A Society of Patriotic Ladies
This is an image of a satircal cartoon from 1775 called "A Society of Patriotic Ladies, at Edenton, North Carolina." It shows the patriotic Edenton women in a very unflattering way and makes them look foolish, as they pledge to boycott English goods in support of the resolutions of the Continental congress and the North Carolina Provincial Assembly. The ugly depiction of them likely is drawn from both their allegiance to the revolutionary cause and their gender. At the time, it would have been virtually unknown for women to organize politically or sign their names to a petition or political statement, and the action of the 51 women from Edenton was a ground-breaking event for American women.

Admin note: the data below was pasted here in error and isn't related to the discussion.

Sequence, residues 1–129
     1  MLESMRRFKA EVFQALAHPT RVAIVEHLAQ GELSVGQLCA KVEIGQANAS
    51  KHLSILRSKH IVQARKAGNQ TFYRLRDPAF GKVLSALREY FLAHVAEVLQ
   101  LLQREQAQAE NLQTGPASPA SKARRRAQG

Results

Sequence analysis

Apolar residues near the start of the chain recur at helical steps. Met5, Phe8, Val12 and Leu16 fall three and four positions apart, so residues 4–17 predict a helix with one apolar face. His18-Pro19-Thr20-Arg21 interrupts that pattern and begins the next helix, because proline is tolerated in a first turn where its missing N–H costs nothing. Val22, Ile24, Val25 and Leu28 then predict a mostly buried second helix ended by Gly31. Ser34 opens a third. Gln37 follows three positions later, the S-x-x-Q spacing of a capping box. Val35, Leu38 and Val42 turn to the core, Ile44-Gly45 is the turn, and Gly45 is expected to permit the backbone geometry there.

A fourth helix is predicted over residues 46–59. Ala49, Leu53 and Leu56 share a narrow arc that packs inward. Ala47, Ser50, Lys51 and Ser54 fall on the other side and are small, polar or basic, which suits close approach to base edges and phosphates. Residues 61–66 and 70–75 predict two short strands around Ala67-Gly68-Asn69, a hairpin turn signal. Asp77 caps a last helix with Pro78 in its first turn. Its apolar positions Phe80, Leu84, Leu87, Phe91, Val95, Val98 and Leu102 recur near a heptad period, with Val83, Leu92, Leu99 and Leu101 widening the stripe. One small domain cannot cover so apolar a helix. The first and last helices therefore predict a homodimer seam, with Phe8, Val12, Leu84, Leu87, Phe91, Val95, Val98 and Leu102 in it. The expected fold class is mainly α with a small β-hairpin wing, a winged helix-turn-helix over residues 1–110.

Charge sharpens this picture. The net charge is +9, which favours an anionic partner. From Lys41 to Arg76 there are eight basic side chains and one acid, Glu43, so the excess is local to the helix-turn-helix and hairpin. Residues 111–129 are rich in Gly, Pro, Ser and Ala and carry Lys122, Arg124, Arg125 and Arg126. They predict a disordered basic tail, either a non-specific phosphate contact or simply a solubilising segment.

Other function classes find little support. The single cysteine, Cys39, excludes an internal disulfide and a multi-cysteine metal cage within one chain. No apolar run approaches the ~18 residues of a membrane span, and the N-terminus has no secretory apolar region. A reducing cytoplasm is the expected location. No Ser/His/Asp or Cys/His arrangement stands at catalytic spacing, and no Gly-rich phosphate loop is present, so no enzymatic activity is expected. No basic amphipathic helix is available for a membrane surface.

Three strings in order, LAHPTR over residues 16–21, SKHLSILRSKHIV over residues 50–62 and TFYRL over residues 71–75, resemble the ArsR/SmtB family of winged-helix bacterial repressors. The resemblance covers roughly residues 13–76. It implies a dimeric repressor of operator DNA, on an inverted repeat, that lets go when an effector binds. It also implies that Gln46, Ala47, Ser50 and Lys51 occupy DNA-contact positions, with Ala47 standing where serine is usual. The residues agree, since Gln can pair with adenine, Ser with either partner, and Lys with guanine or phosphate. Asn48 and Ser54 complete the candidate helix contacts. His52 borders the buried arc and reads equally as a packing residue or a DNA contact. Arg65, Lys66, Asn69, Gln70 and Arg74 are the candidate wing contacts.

Creation of the cartoon has been attributed to Philip Dawe (or Dawes). Dawe was an engraver and cartoonist in London and he created many well-known cartoons during that era. The cartoon was printed by R. Sayer and J. Bennett around March 25, 1775. This image of the original cartoon was published in the Catalog of Prints and Drawings in the British Museum, Volume V. The original mezzotint print was richly colored and can be seen at this link in the collections of the British Museum: http://www.britishmuseum.org/research/collection_online/collection_object_details/collection_image_gallery.aspx?assetId=965125001&objectId=3350271&partId=1
Robert Sayer and John Bennett (Firm), and Philip Dawe. Mezzotint. 1775. A society of patriotic ladies, at Edenton in North Carolina. London: Printed for R. Sayer & J. Bennett. Item PC 1-5284B, British Cartoon Prints Collection, Library of Congress Prints & Photographs Online Catalog. http://www.loc.gov/pictures/item/96511606/
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